Sylvia:  How big of a group were you?

Oh. Probably 55. You couldn’t kill all of those people. You couldn’t even shoot at ‘em, or you’d be in serious trouble. 

So who was it exactly that was doing this? This was government troops?

O yeah. This was government Salvadoran troops, yeah. And they had green uniforms. [nervous laugh] And Uzi’s. And M16’s. And it was a very tense time. They let us go. I was horrified by what I saw. But, anyway.

There is an expanding understanding of labor, which came out of a lot of reading as a consequence of the anti-war movement. Then I ended up president of the Graduate Teaching Fellows here. There are not hundreds of things I’ve accomplished in my life, but the Graduate Teaching Fellows Federation, and the graduate teaching fellows at this university have health care coverage. And we fought for that when I was president. And we got an addendum to the contract. They didn’t want to put it in the contract cause they were afraid it would stay. Well, it did stay. Even though they didn’t attach it. We had a pitiful little health care concession from them. But, we got it started and now they have good health care. So, it was labor, golly, I don’t know….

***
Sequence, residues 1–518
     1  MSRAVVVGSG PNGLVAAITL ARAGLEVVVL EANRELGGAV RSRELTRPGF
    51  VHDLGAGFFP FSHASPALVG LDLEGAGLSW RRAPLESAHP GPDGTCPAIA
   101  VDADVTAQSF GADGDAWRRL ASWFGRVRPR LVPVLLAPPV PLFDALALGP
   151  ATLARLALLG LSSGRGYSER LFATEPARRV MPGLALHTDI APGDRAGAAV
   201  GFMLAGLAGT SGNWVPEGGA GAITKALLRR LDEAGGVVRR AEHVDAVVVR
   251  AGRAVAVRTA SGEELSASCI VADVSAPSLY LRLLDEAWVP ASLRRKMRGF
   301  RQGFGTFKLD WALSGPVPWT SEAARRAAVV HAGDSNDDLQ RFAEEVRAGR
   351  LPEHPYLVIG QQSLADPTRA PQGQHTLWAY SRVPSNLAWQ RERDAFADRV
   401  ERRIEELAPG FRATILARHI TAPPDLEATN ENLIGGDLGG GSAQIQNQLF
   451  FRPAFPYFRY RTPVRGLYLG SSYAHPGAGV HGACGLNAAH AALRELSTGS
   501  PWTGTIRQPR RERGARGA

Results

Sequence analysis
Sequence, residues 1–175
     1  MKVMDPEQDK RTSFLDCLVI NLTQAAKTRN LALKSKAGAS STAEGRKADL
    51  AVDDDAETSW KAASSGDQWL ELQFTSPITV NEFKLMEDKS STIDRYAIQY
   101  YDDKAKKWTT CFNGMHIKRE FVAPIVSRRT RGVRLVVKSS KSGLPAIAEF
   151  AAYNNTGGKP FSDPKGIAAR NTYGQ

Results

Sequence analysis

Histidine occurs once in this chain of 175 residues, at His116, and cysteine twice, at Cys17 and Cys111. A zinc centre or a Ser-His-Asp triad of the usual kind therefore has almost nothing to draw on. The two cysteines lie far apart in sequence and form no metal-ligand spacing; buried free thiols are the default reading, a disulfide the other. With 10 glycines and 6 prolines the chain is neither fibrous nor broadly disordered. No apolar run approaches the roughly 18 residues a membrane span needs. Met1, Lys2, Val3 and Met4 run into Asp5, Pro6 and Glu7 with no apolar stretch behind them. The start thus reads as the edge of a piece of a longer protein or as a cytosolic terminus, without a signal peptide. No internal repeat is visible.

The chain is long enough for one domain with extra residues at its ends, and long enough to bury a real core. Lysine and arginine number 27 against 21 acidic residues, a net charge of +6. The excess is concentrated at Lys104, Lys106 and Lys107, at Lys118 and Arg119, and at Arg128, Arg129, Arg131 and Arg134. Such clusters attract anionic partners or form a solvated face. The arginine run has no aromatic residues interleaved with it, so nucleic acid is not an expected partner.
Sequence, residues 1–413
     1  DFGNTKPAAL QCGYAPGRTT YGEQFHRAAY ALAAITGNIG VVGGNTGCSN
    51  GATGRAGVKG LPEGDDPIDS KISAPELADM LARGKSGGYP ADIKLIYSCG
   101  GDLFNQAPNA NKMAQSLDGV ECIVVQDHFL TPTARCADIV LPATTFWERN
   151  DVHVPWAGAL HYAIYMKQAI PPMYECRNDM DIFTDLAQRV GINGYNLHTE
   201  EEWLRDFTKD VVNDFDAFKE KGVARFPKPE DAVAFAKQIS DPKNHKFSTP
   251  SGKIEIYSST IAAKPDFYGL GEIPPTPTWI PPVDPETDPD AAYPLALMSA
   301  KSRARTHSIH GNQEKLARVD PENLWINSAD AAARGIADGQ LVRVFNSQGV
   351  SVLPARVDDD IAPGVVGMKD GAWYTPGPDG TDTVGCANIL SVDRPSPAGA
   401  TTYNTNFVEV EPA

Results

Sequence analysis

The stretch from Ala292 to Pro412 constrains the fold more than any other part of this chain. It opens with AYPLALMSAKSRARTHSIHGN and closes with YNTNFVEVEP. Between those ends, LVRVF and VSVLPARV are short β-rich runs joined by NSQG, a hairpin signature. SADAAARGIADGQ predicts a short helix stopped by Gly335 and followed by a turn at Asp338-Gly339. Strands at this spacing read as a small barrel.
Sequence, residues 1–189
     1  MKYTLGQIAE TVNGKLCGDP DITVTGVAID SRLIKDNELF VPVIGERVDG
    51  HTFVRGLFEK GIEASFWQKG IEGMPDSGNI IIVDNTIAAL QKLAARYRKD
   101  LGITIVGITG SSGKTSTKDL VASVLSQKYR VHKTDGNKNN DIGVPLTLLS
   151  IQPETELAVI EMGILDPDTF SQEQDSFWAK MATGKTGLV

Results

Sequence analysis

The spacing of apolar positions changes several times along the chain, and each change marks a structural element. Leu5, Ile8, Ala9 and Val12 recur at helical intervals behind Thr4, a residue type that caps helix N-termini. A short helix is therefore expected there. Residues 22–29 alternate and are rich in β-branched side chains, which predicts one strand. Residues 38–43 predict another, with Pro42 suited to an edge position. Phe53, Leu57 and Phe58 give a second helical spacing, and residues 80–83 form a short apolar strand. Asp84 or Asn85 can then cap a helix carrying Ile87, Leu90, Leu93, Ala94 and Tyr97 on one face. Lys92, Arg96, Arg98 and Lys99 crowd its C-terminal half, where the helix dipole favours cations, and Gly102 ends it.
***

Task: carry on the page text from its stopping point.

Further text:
Well, you’ve covered quite a bit already.

It’s hard for me to live without ending up with these issues, I mean, you know, you’re there. 

[laughs] Right. Right. You want to talk about what you’re doing, what you’ve done in the last 5 or 10 years?

OK. So, the last 5 or 10 years. So, I’m teaching at the University of Oregon and one of the primary things that I’m interested in doing is opening students’ eyes. And so one of the wonderful things I used to do is teach an American Society class. I used Lies My Teacher Told Me by James Loewen. Which is a wonderful book. In fact Carnegie Mellon requires everyone who sets foot on campus and works for the University to read the book, including the entire janitorial staff. Everyone. It’s a wonderful book. James Loewen’s spoken here a number of times.